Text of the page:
Effects Of Water Pollution In Bangladesh

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Bangladesh is a country in Asia, roughly the size of Iowa. The climate is tropical, with mild winters, hot, humid dry summers from March to June, and a warm rainy monsoonal season from June to October. The terrain is mostly flat, composed primarily of alluvial sediments, with hilly terrain dominating the southeastern portion of the country. Prior to 1970, surface water was the country’s primary drinking water source. The highly polluted surface waters pressed the need to find an alternative drinking water source. The introduction of irrigation ~30 years ago caused a steady increase in groundwater extraction to support the growing agricultural industry; with rice, jute, tea, and wheat being the main crops7. According to the Central Intelligence Agency (CIA), in 2008, total freshwater extraction was 35.87 cu km/yr, with 88% of extracted water being for crop irrigation and 12% sourced for drinking water.
Water quality concerns have plagued the country for decades. During monsoonal flooding events, surface waters become contaminated with waterborne diseases and runoff from commercial pesticides. Conversely, groundwater is contaminated by naturally occurring arsenic, leaving the 166,280,712 inhabitants at risk of arsenic poisoning and cancer7. Reports of arsenic poisoning are concentrated in the Ganges Brahmaputra Delta (GBD) region of Bangladesh.
Today Bangladesh relies heavily on groundwater as the main drinking water supply, despite the contamination from naturally occurring arsenic. Arsenic is an odorless and tasteless semi-metal. It contaminates groundwater when sorbed arsenic enters the aqueous phase and gets mobilized as a direct result of the influx of carbon caused by human actions7. The affected aquifer is a ...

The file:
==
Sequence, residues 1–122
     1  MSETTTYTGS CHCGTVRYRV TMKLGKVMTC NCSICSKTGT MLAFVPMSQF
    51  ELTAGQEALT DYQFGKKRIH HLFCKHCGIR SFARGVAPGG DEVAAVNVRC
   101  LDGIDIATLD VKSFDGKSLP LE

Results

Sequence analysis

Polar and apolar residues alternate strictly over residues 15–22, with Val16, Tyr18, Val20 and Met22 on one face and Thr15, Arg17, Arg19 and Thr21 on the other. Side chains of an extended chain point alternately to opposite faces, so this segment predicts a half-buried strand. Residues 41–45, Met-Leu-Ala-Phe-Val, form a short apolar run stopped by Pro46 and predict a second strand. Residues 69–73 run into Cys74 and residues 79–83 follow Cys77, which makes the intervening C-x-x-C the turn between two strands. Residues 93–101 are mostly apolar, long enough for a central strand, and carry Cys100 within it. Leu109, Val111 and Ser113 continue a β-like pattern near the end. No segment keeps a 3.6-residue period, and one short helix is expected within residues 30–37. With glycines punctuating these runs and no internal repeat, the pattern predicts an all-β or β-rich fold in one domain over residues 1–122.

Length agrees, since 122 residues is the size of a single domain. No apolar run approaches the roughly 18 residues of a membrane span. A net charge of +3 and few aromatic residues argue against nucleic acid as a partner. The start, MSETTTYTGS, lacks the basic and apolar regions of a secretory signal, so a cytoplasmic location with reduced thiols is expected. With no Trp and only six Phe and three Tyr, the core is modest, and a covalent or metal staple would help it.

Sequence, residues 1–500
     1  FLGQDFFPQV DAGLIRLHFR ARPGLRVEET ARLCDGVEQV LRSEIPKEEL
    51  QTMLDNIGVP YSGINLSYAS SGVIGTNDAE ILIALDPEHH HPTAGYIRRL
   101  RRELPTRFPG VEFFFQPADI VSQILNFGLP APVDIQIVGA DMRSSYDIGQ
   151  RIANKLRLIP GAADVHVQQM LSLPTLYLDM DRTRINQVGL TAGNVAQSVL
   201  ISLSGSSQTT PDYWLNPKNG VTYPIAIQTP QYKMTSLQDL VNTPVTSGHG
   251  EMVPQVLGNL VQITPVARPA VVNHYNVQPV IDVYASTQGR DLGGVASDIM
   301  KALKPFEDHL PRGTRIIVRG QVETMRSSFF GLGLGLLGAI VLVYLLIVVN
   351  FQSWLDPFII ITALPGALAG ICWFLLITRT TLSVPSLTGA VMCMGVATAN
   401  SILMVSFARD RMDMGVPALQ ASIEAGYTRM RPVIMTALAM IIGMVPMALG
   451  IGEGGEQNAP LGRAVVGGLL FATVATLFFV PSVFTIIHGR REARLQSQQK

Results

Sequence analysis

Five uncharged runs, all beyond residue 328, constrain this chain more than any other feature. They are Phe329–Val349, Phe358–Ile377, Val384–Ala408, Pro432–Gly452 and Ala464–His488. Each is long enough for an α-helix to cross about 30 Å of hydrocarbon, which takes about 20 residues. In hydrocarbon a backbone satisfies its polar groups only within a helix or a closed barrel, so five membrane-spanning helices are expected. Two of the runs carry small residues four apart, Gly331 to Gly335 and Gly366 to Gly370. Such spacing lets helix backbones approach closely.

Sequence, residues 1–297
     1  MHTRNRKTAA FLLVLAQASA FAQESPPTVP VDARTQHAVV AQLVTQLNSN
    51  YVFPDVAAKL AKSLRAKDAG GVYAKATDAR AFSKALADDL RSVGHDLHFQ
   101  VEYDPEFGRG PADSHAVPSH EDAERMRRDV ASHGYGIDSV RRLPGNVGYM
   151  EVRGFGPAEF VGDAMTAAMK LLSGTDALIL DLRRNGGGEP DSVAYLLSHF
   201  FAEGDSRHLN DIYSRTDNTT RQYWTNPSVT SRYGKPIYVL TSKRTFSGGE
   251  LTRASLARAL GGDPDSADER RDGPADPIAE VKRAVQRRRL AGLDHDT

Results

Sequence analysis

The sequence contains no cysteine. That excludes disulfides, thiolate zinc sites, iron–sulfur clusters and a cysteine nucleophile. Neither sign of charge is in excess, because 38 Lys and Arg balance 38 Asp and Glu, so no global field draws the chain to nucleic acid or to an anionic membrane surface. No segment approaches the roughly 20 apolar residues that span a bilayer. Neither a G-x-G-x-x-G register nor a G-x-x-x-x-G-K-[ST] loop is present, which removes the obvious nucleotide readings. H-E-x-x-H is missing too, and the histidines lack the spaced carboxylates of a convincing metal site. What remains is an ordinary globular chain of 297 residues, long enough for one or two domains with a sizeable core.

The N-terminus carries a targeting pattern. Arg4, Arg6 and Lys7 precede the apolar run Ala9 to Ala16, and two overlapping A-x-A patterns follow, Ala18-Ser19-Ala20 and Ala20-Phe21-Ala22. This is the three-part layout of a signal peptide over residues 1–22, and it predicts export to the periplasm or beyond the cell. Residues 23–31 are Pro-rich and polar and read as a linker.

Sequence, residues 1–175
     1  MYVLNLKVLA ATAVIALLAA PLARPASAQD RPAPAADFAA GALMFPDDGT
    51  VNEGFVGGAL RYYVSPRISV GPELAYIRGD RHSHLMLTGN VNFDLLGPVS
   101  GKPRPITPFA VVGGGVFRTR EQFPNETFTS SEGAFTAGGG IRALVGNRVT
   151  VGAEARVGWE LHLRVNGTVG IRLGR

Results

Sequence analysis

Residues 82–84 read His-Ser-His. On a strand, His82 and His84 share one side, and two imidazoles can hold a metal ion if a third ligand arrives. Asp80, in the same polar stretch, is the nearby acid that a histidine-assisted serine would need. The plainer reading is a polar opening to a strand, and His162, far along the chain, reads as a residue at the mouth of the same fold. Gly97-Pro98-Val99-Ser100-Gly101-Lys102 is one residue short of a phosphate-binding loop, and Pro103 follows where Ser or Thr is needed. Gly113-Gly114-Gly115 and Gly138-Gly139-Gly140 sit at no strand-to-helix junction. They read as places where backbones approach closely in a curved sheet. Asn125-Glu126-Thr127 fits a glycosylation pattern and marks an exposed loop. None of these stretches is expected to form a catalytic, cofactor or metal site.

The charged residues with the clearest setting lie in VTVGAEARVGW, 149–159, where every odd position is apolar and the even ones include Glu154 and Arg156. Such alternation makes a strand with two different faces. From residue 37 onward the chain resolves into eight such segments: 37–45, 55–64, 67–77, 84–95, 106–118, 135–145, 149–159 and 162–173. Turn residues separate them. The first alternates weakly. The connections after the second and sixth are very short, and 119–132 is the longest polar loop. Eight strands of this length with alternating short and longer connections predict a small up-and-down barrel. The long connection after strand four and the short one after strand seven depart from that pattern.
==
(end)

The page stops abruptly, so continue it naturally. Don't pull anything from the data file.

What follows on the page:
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...ow of anthropogenic carbon, the mobilization probably occurred from a complex combination of redox changes. The organic carbon influenced the microbially mediated dissolution of Fe-oxyhydroxides and freed surface bound arsenic. As(V) is not the stable form of dissolved arsenic in highly reducing conditions, so it’s quickly reduced to the more mobile and toxic As(III). Future remediation efforts may utilize iron, aluminum and manganese oxides or microbial communities as As(III) remediation techniques. But before remediation efforts begin, a more complete understanding of arsenic mobilization is needed. Future studies need to focus on the rate that As(V) is desorbed from surface binding sites of Fe-oxyhydroxides. Quantifying the rate will confirm or disprove whether dissolution reduction Fe-oxyhydroxides play a major role on the arsenic concentrations in groundwater.